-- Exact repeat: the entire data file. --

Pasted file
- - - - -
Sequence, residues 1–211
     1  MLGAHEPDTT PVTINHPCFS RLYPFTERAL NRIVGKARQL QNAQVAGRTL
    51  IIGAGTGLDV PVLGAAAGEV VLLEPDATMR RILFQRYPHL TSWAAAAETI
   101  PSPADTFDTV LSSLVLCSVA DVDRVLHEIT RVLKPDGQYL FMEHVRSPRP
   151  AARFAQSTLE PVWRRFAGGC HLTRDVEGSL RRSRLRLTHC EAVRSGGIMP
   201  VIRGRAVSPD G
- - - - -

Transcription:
Sequence, residues 1–211
     1  MLGAHEPDTT PVTINHPCFS RLYPFTERAL NRIVGKARQL QNAQVAGRTL
    51  IIGAGTGLDV PVLGAAAGEV VLLEPDATMR RILFQRYPHL TSWAAAAETI
   101  PSPADTFDTV LSSLVLCSVA DVDRVLHEIT RVLKPDGQYL FMEHVRSPRP
   151  AARFAQSTLE PVWRRFAGGC HLTRDVEGSL RRSRLRLTHC EAVRSGGIMP
   201  VIRGRAVSPD G